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By Jason Stipp | 04-30-2011 04:12 PM

Our Breakdown on Berkshire

The annual 'Woodstock for Capitalists' featured a few tough questions, but still much love for the Oracle of Omaha.

Jason Stipp: I am Jason Stipp from Morningstar. The 2011 Berkshire Hathaway shareholders meeting just wrapped up. I am here with Paul Larson, equity strategist and Morningstar StockInvestor editor; and Gregg Warren, he is an equity analyst covering Berkshire Hathaway.

They are going to talk about some of the highlights, some of the disappointments, and some of the surprises from the meeting.

Thanks for joining me, guys.

Paul Larson: Thanks for having us.

Gregg Warren: Thanks for having us.

Stipp: First of all, Paul, any highlights, anything stand out for you from the meeting that is really going to be one of that top-of-mind take-home messages.

Larson: Well, one of the things that I thought was salient is they said over and over again that they did not want to issue shares of Berkshire Hathaway to go out and do acquisitions, and I think this is sort of relevant given in the last week we've had two major deals where companies actually went ahead and issued shares--Johnson & Johnson, which is a Berkshire investment, buying Synthes. And then also Exelon going out and buying Constellation Energy. I thought that there is interesting contrast, given those deals, with the advice that Buffett and Munger have been giving.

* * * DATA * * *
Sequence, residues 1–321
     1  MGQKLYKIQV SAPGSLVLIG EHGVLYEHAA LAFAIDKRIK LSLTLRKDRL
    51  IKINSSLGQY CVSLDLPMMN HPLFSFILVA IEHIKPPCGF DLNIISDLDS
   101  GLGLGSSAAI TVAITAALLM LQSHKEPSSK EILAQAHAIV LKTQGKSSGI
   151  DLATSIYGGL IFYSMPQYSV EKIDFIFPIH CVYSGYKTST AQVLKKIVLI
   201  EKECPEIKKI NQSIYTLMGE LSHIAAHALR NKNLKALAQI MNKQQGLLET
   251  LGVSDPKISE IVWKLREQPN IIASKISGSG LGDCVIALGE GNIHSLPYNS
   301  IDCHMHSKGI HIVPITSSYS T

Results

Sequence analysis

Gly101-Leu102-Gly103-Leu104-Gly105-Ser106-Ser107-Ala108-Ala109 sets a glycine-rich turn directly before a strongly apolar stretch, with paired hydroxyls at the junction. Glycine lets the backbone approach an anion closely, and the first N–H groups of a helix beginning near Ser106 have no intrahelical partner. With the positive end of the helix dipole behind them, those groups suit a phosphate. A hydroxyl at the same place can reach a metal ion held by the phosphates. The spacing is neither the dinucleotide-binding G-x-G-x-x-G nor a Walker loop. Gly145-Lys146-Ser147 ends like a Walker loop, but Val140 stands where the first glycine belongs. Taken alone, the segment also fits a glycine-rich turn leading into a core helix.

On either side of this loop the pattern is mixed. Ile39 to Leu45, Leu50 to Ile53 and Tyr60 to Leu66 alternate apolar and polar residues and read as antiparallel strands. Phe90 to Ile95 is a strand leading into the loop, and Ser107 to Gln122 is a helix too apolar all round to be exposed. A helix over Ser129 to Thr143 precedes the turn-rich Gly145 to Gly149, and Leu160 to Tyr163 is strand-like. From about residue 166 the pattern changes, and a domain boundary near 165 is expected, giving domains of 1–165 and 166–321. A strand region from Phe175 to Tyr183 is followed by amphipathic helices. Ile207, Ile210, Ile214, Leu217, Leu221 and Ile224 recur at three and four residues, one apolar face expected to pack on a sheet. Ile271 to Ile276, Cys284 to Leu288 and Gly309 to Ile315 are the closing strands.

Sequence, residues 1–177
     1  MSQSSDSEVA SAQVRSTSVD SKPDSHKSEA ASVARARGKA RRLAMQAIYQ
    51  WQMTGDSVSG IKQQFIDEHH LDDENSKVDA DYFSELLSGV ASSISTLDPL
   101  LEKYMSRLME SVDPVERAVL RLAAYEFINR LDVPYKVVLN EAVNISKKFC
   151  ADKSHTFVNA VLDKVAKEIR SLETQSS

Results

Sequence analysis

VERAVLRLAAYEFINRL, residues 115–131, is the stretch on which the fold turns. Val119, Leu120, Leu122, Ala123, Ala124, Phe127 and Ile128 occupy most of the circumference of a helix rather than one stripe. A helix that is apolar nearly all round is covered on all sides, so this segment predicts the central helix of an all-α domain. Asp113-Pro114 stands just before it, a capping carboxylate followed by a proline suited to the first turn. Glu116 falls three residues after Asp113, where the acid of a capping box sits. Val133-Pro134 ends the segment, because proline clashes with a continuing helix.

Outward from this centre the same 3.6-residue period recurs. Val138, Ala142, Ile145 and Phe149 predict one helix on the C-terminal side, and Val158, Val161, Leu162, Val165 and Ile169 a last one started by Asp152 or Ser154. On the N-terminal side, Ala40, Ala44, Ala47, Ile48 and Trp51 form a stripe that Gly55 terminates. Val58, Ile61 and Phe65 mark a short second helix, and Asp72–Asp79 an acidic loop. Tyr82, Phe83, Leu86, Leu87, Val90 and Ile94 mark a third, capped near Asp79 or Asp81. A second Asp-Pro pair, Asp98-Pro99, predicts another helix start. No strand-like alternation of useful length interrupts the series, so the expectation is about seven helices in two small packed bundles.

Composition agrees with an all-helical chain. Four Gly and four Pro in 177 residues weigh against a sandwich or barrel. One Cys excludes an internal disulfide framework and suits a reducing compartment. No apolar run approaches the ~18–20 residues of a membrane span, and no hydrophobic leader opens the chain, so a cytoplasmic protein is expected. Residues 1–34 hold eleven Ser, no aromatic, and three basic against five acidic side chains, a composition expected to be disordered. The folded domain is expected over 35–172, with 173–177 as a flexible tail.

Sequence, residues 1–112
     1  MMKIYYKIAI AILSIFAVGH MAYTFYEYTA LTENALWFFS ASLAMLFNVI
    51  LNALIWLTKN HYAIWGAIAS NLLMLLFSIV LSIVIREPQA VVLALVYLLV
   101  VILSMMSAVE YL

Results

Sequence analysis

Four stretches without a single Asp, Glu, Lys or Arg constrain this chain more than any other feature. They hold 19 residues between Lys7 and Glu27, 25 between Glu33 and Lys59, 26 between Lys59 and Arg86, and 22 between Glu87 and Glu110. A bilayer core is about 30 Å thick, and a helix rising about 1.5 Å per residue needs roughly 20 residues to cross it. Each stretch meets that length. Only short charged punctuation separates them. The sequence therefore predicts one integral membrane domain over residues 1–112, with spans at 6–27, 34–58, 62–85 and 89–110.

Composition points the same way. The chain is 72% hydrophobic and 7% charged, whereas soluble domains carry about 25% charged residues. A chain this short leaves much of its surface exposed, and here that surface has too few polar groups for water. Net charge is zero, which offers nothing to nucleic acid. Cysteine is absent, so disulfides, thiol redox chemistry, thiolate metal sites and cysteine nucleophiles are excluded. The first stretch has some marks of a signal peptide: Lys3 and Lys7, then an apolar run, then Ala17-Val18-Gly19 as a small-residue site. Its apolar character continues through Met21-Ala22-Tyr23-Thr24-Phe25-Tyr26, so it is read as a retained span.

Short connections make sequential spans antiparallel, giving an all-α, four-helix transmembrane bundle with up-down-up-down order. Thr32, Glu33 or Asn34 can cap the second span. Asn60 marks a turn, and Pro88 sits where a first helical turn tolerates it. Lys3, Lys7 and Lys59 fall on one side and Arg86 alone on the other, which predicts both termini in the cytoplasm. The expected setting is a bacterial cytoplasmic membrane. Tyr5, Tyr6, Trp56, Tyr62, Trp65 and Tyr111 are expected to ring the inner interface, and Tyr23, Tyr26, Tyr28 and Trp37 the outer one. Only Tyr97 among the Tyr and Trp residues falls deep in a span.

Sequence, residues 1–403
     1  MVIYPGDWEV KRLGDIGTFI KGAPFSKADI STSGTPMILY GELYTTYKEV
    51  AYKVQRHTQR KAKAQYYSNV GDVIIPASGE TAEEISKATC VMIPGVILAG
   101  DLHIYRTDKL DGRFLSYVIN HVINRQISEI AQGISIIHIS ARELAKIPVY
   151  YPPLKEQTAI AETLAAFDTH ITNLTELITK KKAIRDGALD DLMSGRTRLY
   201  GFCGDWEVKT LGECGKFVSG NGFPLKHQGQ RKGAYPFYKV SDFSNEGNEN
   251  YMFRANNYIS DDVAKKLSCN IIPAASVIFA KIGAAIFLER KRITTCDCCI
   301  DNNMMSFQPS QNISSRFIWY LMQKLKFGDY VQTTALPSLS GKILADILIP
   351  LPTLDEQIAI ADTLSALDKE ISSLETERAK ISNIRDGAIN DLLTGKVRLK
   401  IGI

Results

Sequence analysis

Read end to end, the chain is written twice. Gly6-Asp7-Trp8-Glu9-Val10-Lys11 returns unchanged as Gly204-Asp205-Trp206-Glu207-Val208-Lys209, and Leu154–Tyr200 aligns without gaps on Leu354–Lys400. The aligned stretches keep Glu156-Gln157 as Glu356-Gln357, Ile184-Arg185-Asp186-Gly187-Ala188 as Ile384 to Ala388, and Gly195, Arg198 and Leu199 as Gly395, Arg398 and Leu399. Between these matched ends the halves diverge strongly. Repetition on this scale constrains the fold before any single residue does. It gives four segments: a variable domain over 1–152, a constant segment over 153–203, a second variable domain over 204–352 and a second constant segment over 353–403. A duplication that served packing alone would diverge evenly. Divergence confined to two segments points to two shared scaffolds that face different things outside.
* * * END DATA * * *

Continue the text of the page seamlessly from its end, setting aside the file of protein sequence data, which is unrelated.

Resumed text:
Stipp: Gregg, Berkshire actually did use some shares in the Burlington Northern acquisition. What was some of the reasoning there, and what's some of the reasoning for not really wanting to do this as a rule?

Warren: The Burlington Northern deal, I think, was a little bit special. It was one of the first deals in a very long time where they actually used shares to do a deal, and it was more based on the fact that splitting the stock and issuing it the way they did was sort of more benefit to the smaller shareholders that were in Burlington Northern.

And then the tangential thing that's never really talked about, which could have been a possibility as well, is that the increase in liquidity on the Class B shares opened them up to being included in the S&P 500, and if you remember back at that time, February 2010, we had just gone through this massive crisis with the financial-services sector, and S&P was looking for high-quality financial services firms because so many companies had blown up over the preceding two years.

And then why they wouldn't be looking to use it now, is again Warren continues to believe the stock is undervalued. They've got at this point close to $40 billion in cash on the books. Even the Lubrizol deal they are probably going to have somewhere in the nature of $45 billion at the end of the year. So they don't necessarily need to use stock. They would much rather use cash as a currency.

Stipp: Paul, there was a lot of talk before this meeting that it was going to be contentious. There were a lot of issues that were in the news recently that was not going to maybe make this the love fest that it had been in years past.

What was your sense of the overall tone of the meeting? Did that come to pass?

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